Henry Siblings Make Bequest to Berkshire United Way

Siblings Rodman and Fay Henry were born in Pittsfield in the 1920s and raised during the Depression era. Early on in life they learned to save and prepare for the unexpected, and when it came time to prepare their wills, they generously bequeathed their savings to 21 organizations they felt could make a major difference in the community. Berkshire United Way (BUW) is one of them.

“We are extremely thankful to Fay and Rod Henry for their generous gift to Berkshire United Way. Their commitment to youth and those in need aligns with our mission, and their gift will certainly have an impact in this community,” said Candace Winkler, BUW CEO and president. “It is wise to have a plan for future gifts and we appreciate Fay and Rod for considering BUW as part of their planned giving.”

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Siblings Fay and Rod Henry

Rod died on Sept. 22, 2011, at the age of 86, and Fay died on Dec. 27, 2019, at the age of 92. Neither had married and no other family members remained. When Fay died, she left a majority of her estate to the organizations she felt were important in her community.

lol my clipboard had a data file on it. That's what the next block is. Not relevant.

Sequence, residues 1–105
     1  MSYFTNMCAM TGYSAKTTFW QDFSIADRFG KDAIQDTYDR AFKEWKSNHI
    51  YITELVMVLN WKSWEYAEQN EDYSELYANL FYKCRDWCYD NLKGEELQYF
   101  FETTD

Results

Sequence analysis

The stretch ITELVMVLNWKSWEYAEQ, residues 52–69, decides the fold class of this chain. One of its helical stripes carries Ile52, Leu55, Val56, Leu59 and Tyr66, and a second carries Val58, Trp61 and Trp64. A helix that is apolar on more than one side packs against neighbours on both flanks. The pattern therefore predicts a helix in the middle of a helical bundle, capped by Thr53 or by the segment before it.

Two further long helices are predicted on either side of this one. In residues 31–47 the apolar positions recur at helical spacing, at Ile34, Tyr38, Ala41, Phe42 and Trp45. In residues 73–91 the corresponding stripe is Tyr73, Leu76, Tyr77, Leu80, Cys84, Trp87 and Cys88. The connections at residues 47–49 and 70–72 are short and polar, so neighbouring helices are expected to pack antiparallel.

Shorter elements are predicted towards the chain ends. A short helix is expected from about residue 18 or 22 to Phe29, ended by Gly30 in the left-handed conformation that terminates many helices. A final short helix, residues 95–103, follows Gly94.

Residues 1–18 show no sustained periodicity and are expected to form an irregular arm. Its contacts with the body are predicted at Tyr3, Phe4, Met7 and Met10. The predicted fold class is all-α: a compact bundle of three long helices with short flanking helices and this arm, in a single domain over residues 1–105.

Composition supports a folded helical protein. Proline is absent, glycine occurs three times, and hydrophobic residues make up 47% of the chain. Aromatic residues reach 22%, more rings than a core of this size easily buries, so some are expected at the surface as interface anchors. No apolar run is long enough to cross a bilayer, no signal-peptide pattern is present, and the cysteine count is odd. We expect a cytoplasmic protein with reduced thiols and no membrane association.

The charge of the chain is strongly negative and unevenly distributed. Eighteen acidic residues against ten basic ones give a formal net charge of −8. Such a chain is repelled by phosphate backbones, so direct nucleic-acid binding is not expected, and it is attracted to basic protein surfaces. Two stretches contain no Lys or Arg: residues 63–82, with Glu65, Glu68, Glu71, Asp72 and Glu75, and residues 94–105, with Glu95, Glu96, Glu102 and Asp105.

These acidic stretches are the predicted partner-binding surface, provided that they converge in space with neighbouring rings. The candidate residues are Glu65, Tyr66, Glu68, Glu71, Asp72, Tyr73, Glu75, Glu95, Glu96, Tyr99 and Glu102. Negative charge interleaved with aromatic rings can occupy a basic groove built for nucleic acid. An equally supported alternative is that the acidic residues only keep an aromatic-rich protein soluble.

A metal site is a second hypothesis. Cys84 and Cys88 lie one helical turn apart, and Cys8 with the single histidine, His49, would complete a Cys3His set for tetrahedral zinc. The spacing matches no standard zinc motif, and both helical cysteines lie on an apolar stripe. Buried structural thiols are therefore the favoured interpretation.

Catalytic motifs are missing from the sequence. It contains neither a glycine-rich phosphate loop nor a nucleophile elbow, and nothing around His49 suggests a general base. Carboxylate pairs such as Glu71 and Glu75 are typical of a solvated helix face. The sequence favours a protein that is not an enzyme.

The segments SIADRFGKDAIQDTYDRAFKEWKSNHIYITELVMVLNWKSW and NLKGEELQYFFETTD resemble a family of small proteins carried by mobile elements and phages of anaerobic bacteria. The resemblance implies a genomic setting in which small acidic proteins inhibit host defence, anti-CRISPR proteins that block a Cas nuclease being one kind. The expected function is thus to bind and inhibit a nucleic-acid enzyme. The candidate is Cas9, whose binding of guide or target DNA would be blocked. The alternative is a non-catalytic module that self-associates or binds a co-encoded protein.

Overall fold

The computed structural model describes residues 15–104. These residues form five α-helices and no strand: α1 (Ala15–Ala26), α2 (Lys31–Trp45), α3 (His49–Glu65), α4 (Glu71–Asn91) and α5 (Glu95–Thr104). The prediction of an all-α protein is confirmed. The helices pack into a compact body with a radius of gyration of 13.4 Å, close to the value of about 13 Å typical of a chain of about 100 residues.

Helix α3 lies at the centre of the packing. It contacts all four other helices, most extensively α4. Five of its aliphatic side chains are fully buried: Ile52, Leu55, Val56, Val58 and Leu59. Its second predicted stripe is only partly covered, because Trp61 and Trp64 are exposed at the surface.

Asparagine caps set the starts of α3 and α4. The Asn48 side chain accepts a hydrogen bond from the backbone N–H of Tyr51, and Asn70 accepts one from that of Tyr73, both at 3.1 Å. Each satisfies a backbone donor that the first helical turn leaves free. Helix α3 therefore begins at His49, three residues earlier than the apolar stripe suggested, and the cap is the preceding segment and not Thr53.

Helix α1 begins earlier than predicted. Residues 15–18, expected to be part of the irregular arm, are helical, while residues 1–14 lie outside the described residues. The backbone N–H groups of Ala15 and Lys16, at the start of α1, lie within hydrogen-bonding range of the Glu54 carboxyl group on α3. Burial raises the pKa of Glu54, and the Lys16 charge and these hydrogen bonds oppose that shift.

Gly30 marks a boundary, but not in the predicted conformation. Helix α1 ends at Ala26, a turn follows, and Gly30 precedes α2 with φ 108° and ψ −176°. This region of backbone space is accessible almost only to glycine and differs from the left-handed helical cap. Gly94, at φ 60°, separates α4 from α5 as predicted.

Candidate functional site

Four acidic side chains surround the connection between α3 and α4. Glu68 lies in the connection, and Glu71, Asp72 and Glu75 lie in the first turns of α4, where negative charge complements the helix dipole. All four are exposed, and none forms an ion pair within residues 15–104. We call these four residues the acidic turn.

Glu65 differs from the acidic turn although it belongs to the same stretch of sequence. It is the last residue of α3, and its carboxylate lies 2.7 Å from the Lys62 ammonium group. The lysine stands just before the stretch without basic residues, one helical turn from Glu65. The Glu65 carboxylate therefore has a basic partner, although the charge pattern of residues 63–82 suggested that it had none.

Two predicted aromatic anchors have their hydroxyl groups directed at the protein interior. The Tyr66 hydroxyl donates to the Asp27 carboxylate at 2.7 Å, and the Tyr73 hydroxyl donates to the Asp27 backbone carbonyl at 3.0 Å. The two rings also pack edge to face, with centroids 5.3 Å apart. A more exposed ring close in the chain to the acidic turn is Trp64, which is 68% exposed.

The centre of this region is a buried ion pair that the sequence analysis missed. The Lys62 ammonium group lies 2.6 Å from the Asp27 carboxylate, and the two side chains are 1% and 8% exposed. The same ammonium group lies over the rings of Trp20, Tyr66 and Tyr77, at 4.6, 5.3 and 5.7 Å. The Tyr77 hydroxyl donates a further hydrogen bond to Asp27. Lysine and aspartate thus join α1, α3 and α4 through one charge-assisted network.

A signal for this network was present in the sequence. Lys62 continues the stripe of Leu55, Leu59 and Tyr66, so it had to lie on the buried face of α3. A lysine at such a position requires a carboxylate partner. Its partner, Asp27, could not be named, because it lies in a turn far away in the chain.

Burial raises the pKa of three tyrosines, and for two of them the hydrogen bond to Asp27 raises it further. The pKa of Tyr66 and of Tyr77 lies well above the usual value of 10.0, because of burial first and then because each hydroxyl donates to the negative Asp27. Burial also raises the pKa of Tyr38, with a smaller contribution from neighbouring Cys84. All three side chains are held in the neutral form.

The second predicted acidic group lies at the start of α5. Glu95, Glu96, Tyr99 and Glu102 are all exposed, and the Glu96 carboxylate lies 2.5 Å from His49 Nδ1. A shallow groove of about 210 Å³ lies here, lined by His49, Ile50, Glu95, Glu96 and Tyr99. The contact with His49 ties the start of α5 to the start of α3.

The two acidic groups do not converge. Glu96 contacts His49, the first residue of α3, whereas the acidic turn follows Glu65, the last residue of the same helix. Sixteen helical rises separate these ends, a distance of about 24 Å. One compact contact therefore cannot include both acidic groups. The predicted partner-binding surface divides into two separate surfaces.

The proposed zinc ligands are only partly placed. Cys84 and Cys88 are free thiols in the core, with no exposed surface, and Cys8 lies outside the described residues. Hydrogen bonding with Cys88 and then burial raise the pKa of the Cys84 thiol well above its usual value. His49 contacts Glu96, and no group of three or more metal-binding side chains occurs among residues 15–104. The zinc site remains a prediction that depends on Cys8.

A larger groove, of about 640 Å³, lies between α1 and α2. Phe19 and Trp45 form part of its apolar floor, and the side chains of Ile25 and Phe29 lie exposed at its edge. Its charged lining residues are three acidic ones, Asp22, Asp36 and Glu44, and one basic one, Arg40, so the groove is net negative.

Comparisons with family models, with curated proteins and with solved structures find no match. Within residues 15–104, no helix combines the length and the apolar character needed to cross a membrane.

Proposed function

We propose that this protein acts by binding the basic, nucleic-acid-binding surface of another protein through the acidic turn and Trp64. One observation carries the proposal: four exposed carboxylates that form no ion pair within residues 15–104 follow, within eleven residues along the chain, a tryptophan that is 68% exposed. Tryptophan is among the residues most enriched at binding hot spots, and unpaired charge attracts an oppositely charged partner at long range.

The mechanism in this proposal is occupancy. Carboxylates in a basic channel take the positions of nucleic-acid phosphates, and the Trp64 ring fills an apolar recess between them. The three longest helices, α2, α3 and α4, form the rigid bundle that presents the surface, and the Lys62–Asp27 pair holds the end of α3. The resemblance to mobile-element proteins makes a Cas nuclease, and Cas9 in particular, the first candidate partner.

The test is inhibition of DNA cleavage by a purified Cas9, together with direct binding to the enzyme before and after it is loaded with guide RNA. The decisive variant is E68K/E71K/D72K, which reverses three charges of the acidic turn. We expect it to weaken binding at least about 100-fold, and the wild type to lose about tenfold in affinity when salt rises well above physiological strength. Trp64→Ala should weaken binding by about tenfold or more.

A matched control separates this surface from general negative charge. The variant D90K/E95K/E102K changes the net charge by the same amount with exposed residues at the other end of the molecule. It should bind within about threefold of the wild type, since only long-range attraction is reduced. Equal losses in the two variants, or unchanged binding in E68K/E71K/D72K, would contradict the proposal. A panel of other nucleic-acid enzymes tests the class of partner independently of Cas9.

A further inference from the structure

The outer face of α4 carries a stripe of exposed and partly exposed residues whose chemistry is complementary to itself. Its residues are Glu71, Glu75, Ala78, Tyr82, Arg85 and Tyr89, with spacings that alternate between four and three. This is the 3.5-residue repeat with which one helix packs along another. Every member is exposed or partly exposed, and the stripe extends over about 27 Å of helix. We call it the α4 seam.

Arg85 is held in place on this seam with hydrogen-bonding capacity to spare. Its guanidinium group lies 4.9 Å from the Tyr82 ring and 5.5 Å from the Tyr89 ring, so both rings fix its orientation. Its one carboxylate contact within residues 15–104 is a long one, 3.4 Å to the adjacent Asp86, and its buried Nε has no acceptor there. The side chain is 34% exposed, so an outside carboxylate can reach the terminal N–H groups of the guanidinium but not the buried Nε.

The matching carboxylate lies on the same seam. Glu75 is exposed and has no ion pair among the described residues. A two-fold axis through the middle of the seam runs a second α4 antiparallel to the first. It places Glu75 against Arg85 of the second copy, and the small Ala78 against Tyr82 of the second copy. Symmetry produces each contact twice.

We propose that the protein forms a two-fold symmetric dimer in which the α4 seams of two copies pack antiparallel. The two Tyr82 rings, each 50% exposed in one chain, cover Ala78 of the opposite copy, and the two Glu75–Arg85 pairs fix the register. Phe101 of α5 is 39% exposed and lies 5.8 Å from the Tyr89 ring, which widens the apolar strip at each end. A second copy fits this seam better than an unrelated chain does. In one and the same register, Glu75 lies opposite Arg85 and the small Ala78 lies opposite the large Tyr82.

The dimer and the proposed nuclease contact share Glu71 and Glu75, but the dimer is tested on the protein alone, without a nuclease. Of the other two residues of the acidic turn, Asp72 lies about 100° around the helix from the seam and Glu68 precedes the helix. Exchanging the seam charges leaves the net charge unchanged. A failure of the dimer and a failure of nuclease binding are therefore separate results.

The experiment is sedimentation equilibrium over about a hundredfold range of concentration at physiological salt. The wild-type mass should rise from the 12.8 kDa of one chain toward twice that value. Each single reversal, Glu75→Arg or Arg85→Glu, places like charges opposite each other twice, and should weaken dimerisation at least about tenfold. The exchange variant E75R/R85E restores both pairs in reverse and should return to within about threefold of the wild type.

Fay and Rod had a strong allegiance to Pittsfield; she had moved back after college to take care of her parents and Rod returned after retiring. They were particularly interested in helping the young and poverty-stricken in the community, and worked with a financial advisor to plan where their gifts would benefit the most.

Planned gifts, both large and small, help build long-term sustainability for the organization and for the community. BUW offers several options to support the organization: as a beneficiary in your will, a gift of stock, an IRA gift, or through a retirement plan, life insurance policy or split interest gift. Learn more about planned giving or contact Robby O’Sullivan at 413-442-6948, ext. 18, or rosullivan@berkshireunitedway.org.